It may seem like a cruel way to live, especially given how much I enjoy eating.  But financially I've always lived according to my ability.  I'm not very good a saving a lot of money for some abstract thing in the long-term future, but I also don't get into debts just because I want something and it doesn't matter whether I could afford it or not.  And bringing this mentally into the way I eat may be a good thing.  I will be more encouraged if this way of life actually produce me results.

Third, and this is the downside: I can't stop obsessively syncing my Fitbit and checking and rechecking the app.  It's back enough that I can't stop fidgeting with my new phone, it's worse to unlock it every 3 minutes to see how much my walking as offset my food intake budget.  I have not been driven crazy by this yet, but I feel that I'm getting there.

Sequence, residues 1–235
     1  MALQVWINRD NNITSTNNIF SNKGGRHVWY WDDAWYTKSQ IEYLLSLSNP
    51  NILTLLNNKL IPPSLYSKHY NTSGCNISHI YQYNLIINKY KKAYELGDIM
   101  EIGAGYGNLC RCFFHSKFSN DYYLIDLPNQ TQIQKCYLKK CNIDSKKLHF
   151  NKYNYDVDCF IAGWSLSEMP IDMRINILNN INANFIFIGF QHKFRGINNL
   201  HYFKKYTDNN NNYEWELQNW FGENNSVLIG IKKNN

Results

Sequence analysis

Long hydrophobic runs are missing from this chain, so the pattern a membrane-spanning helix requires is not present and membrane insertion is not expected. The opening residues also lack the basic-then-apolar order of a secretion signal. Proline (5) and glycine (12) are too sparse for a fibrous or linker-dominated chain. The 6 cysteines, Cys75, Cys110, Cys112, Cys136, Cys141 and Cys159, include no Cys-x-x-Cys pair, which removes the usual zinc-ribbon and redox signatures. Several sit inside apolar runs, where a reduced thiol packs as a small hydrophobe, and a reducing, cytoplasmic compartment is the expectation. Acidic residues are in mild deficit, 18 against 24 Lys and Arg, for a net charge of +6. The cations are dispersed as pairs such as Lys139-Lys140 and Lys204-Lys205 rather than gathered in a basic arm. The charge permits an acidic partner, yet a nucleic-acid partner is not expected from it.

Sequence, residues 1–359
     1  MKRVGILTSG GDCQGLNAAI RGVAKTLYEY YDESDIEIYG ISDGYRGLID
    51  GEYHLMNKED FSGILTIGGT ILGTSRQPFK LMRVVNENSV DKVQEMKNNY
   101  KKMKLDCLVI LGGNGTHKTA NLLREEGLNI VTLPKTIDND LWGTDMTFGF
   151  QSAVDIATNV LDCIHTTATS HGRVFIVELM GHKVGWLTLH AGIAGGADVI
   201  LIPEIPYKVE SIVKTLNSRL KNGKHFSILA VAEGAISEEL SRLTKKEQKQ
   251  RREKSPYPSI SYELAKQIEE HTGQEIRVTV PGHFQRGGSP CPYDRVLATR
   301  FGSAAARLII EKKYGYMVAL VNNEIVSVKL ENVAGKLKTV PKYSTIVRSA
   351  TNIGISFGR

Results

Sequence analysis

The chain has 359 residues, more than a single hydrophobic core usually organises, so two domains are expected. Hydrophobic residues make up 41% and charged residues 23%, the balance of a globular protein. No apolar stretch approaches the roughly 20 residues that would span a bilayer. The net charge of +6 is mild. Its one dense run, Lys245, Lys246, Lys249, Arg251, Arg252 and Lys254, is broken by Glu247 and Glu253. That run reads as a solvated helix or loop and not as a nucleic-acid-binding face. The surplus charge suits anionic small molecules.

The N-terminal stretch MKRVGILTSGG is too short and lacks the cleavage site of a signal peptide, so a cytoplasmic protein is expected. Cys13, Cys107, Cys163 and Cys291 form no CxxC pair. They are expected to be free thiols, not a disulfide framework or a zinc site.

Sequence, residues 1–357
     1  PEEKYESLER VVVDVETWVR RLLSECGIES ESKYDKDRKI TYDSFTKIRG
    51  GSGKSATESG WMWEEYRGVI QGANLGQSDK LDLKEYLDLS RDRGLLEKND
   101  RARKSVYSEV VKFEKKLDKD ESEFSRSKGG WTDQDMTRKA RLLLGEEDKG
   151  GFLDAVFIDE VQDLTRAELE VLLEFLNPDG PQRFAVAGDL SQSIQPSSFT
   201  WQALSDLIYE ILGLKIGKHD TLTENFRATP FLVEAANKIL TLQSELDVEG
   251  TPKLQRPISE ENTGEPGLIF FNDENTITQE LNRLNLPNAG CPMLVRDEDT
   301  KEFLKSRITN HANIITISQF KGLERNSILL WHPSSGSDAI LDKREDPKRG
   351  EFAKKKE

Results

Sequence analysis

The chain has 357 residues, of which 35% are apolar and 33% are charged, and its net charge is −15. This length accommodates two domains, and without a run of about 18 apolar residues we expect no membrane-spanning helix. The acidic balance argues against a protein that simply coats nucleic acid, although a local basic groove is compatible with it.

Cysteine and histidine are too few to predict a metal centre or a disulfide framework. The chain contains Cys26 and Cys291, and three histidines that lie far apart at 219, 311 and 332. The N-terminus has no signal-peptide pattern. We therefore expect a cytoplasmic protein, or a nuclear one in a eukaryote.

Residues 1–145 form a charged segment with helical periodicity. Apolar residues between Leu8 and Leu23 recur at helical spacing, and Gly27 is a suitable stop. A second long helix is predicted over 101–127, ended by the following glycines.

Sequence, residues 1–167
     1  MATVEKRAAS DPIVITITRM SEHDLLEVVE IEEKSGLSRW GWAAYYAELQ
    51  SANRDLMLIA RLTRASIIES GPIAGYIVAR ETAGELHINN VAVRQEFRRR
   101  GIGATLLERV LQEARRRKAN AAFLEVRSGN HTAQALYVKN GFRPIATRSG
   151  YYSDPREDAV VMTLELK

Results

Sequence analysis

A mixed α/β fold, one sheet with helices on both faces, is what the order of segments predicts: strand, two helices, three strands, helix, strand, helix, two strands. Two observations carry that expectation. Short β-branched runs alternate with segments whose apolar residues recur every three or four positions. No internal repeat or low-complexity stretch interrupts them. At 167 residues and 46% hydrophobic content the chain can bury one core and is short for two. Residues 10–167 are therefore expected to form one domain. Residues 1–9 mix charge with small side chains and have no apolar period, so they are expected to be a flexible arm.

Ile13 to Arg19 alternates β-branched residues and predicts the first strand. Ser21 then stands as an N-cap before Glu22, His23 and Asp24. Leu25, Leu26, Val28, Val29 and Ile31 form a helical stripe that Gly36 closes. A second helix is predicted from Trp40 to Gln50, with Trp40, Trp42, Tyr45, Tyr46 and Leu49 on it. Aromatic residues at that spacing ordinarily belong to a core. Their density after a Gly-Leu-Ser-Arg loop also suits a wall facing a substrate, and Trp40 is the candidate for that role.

I'm not trying to pimp this app on anyone, it's just that I've been kind of all over it for the past few days that I just need to write it down somewhere.  I really hope this will help me produce some real result in weight loss.

I'm still running semi-regularly, and taking gym classes, and occasionally doing yoga.  Summer is finally approaching New England and it's time to think about running outside (I know, I still haven't, I need the time to get over the self-consciousness).  I've not been very successful with running in summers, and hopefully this year there will be some improvement.